We all know a teenager like Chase Burnett: a 16-year-old from Peachtree City, Georgia; an honor-role student and athlete with a wide circle of friends; and a young man who loved to wear bow ties on special occasions. But Chase was also a teenager who occasionally experimented with drugs—just like so many teenagers in the United States—until the day in March 2012 when he smoked synthetic marijuana and died.
“Our son’s autopsy report shows that a chemical in the synthetic marijuana shut his lungs down,” says David Burnett, Chase’s father. He co-founded with his wife, Yvette, the Chase Burnett Center for Education and Awareness. “He asphyxiated.”
That chemical was AM-2201, frequently found in synthetic marijuana. But this wasn’t an illicit drug, which Chase got from who knows where. In fact, synthetic marijuana is perfectly legal in more states. And, chances are, it’s available at a convenience store near you.
Synthetic marijuana, or “fake” pot, is not marijuana at all. Rather, it’s plant material which manufactures spray with chemicals, called cannibimimetics. It’s designed to mimic the effect of THC (tetrahydrocannabinol), the active ingredient in marijuana.
It’s legal, typically marketed as “herbal incense” or “herbal potpourri” and sold in convenience stores, head shops, cigar stores and on the Internet. It retails for $3 and up per gram (depending on the brand).
Because synthetic marijuana labels state the product is “not for human consumption,” manufacturers are able to skirt oversight by the Food and Drug Administration. That means the chemicals found in these products—popular brands include K2, Spice, Skunk, Blaze and No More Mr. Nice Guy—have never been tested for safety.
But, these chemicals are far from safe. In 2012, alone, emergency rooms treated more than 5,000 people who had used synthetic marijuana (that’s double the number treated in 2010). In February, the Centers for Disease Control announced that exposure to synthetic marijuana, in particular the chemical methanone, was responsible for kidney failure in 16 patients between the ages of 15 and 30.
Side Effects Of Synthetic Marijuana
According to the American Association of Poison Control Data, other effects of synthetic marijuana include: a racing heartbeat, high blood pressure, nausea and vomiting, spasms and seizures, intense hallucinations and psychotic episodes and even suicidal and other harmful thoughts and actions.
Experts say that the side effects impact many different systems and are particularly alarming.
“With marijuana, it is really unlikely that you are going to have damage to other organ systems,” explains Dr. Joseph Shrand, medical director at CASTLE, an adolescent treatment center in Brockton, Massachusetts. “Marijuana can make you hungrier. It can interfere with your sleep. But it’s not going to shut down your kidneys or cause seizures. Synthetic marijuana, on the other hand, is truly a dangerous, dangerous drug.”
But It’s Legal?
Over the past several years, an increasing number of teenagers have caught onto synthetic marijuana, perhaps under the mistaken impression that its legal status makes it safe. The relative ease with which teens can acquire it is another factor, say experts.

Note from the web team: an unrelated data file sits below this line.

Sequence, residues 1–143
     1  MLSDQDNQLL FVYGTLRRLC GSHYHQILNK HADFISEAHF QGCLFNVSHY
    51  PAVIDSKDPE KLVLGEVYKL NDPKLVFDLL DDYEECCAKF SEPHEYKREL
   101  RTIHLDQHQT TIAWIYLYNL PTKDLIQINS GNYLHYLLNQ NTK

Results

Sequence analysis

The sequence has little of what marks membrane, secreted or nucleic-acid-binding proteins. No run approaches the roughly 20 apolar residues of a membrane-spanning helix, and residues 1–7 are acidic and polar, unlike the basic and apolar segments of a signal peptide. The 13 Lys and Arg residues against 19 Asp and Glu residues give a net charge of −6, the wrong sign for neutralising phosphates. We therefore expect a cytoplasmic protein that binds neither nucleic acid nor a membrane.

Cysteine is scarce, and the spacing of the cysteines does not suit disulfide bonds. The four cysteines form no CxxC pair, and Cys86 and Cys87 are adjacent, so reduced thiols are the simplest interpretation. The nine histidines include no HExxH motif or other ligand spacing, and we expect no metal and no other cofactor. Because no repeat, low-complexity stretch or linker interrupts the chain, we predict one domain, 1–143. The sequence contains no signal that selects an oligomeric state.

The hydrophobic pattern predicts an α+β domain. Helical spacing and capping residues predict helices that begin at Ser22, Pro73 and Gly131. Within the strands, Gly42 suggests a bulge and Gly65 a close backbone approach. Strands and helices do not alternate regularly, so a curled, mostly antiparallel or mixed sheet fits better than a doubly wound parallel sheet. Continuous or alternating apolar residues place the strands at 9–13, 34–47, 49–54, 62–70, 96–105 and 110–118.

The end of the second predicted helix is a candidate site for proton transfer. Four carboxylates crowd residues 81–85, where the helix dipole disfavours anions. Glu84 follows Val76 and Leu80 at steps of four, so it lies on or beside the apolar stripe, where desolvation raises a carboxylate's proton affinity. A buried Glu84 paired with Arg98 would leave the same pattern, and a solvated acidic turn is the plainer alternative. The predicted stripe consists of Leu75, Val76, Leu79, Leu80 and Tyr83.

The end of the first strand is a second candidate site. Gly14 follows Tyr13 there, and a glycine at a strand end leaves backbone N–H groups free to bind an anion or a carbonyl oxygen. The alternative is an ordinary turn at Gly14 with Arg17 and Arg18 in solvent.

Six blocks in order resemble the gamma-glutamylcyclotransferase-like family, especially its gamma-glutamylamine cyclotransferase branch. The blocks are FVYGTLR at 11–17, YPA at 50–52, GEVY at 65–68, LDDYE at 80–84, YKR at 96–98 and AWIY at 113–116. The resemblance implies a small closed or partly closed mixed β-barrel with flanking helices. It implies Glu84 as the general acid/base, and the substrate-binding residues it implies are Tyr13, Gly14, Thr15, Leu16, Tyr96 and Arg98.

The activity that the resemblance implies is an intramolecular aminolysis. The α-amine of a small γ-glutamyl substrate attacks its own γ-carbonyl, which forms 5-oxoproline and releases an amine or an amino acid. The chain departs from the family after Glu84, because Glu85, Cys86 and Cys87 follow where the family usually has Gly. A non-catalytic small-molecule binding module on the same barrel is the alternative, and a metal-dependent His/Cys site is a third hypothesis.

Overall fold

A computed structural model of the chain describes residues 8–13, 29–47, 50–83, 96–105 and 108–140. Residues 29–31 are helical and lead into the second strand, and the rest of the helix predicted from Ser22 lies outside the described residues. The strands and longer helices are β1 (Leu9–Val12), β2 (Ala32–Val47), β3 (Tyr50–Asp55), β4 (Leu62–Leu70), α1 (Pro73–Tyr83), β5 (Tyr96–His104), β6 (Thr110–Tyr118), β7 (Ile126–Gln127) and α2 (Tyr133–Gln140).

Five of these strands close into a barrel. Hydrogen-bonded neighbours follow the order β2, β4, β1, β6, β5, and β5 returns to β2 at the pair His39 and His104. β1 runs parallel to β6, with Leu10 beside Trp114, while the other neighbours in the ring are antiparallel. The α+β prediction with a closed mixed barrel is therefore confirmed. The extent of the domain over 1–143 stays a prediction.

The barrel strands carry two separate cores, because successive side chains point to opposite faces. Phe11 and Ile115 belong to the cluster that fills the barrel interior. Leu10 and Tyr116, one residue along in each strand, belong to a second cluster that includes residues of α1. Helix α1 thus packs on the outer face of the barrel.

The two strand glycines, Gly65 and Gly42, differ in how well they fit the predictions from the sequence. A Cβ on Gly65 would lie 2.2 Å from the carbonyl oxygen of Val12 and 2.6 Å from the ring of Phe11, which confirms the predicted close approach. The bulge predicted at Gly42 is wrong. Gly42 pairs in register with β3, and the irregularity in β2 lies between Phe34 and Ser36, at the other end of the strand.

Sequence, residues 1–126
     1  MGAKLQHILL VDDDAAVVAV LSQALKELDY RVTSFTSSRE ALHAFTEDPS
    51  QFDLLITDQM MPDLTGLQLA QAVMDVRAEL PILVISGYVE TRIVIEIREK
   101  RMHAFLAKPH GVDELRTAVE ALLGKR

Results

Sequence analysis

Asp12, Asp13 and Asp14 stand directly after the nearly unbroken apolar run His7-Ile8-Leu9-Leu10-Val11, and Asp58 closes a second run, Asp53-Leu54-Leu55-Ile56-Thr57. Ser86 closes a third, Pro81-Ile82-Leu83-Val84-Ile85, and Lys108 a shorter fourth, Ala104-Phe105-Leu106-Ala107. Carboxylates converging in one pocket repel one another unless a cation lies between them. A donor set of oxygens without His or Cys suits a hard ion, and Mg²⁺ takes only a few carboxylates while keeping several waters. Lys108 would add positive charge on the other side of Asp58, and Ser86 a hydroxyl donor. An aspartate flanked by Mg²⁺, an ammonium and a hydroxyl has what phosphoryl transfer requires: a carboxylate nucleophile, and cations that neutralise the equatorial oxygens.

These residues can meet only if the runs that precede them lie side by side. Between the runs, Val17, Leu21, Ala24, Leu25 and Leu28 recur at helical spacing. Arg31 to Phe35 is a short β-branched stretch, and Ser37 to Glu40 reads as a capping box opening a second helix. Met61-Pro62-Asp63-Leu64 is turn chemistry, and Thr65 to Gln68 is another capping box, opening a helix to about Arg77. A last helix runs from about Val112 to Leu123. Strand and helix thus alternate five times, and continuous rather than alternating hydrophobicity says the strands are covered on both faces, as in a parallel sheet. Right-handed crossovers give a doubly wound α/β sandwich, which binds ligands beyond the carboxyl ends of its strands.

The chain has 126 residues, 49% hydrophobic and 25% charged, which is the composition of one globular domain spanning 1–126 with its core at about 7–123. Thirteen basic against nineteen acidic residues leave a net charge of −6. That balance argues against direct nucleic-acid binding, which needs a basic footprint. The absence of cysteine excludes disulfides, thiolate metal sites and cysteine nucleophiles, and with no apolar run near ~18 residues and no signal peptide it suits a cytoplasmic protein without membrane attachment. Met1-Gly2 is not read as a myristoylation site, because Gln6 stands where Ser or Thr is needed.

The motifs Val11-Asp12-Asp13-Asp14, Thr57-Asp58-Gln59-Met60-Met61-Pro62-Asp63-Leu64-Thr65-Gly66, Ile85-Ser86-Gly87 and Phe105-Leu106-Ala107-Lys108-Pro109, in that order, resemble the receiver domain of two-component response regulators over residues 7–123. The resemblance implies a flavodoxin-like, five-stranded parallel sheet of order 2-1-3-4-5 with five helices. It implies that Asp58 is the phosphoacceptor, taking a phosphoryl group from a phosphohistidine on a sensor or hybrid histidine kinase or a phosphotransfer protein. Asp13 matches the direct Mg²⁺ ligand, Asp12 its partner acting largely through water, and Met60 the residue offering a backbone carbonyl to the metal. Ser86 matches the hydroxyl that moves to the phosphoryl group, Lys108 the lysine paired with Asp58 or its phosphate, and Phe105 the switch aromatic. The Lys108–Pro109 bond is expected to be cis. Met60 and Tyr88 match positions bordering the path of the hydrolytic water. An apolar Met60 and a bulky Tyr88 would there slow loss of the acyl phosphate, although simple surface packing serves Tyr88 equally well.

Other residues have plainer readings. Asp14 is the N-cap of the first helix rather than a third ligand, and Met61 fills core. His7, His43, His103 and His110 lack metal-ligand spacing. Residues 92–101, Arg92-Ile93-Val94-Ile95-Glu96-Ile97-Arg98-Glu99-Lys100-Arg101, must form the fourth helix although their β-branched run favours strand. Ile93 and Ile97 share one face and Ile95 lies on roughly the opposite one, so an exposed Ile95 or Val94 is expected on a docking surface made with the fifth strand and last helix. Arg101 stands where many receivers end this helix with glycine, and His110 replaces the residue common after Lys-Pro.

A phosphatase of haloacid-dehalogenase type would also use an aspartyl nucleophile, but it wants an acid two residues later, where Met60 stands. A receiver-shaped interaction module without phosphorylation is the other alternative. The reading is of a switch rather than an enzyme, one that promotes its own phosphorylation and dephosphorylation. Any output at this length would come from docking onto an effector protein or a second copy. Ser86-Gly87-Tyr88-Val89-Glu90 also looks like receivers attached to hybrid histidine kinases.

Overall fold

A 2013 study by the Center for Substance Abuse Research at the University of Maryland College Park found that 12 percent of high school students used synthetic marijuana, putting it in the top three substances abused by teenagers (alcohol and “real” marijuana were at one and two, respectively, with 57 percent and 38 percent of respondents reporting they used those substances).
“It has sort of slipped through the cracks and gotten into the mainstream. Then, the use of it went up dramatically when teenagers realized it could get them high,” says Shrand, who also notes that synthetic marijuana is as addictive as other drugs. Indeed, patients have told him they smoked synthetic marijuana up to 20 times a day.
Unfortunately, banning these products has been an uphill battle. A dozen or so states have passed legislation outlawing known forms of synthetic marijuana. But manufacturers simply change the formulations and get them back on the shelves. Last summer, the Drug Enforcement Agency (DEA) announced it would prosecute under the Federal Analogue Act, which says that if a substance produces the same effect as a Schedule I (which includes marijuana) or Schedule II controlled substance, then that substance should also be controlled. But, that’s still pending.
In other words, parents need to add synthetic marijuana to the conversation.
Signs Of Use
Some of the signs that your teenager may be using synthetic marijuana are similar to those of “real” marijuana: negative changes at school (missing class or declining grades), increased secrecy, use of incense or other kinds of room deodorant, new friends and asking for money more frequently. Drug paraphernalia to look for include foil packets, pipes and/or rolling papers. Signs specific to synthetic marijuana can include a coffee grinder (pulverizing the plant material makes it easier to smoke) and a strong clove smell.
But, it’s just as important to help teenagers understand the chemical dangers of this particular drug, says Burnett. “My son was smoking poison, and he didn’t know it. You really don’t know what you are getting. It is literally Russian roulette with your body.”